Unconscious racial bias (URB) can be a pernicious form of racism. In light of increased awareness of and research on the subject, URB work has become a key focus of equity work in health care, education, and corporate contexts as part of broader calls for racial justice. In Canada, targeting URB in education has become a policy priority at the national, provincial, and school board levels. The role of individual and organizational URB is now widely recognized in policy as central to equitable outcomes in schooling; however, research is limited on how to engage these forms of racism in educational contexts. Prevailing approaches to URB work in schools often include truncated one-off workshops, which leave unaddressed the connections between the individual racial biases, and the operations of white supremacy and racism at the institutional, systemic, and structural levels.
Purpose/Objective/Research Question/Focus of Study
While URB is increasingly well-understood by social psychologists, there has been limited engagement from critical scholars working in areas such as critical race theory (CRT), anti-colonialism, and critical whiteness studies—despite the popularity of interrogating URB as an anti-racism strategy in education. CRT in education has laid bare and problematized the central function of schooling in the safeguarding and management of white supremacy. This project emerged from a dual recognition of URB as a productive entry point for racial awareness and anti-racism work, alongside a significant concern about the failure of mainstream URB discourse to address structural racism and white supremacy—masking at times the deeper ways that Euro-colonial racism underpins social relations in contemporary U.S., Canadian, European, and other contexts. This work seeks to address these limitations in the design of the study through deep work with participants. Specifically, the study sought to understand better the impacts of reading critical texts focusing on systemic, structural, and institutional racism on teachers’ understandings of their own racial biases, as well as teachers’ perspectives on the impacts of reading critical texts in terms of their professional practices.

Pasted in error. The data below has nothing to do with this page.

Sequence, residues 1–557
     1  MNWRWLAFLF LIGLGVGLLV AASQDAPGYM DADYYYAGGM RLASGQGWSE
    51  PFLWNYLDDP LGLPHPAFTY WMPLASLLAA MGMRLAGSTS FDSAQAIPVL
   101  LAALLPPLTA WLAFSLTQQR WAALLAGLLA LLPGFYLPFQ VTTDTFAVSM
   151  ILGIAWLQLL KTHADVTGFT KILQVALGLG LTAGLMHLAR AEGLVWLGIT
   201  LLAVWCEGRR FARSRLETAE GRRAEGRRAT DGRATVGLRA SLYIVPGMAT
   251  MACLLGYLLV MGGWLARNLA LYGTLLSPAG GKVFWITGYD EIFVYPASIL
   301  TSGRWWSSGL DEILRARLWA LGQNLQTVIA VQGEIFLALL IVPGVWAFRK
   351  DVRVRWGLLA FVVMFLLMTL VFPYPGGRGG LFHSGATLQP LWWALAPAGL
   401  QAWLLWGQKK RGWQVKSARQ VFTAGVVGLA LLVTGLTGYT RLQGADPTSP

This article reports on the findings of a 10-month study with secondary teachers in Toronto, Canada, focusing on critical approaches to racial bias mitigation in education. In addition to asking participants to enact a series of URB mitigation strategies developed in the field of social psychology, this study also required participants to read and reflect on one of the following critical anti-racism nonfiction texts: White Fragility: Why It’s So Hard for White People to Talk About Racism by Robin DiAngelo (2018); Policing Black Lives: State Violence in Canada From Slavery to the Present by Robyn Maynard (2017); Everyday Antiracism: Getting Real About Race in School, edited by Mica Pollock (2008); Unsettling the Settler Within: Indian Residential Schools, Truth Telling, and Reconciliation in Canada by Paulette Regan (2014); and Monstrous Intimacies: Making Post-Slavery Subjects by Christina Sharpe (2010). The project was designed using multiple data sources from participants, including electronic survey responses, ongoing journaling/reflection, a midpoint check-in questionnaire, and a final interview. These multiple entry points, as well as the duration of the project, aimed to go beyond the taken-for-granted and toward deeper understanding over time.
Findings suggest that reading these works impacted teachers’ understandings of race and racism in terms of their teaching, as well as in terms of their personal relationships to race and racism, increasing their inclination and ability to address race and anti-racism. This work allowed for critical reflection to seep into the most intimate and invisible moments of operationalized whiteness in the professional and personal spheres of participants. This suggests an important complementarity between teacher intervention practices emerging from social psychology, and the introduction and engagement of critical anti-racist and anti-colonial texts in terms of teachers’ work for racial justice.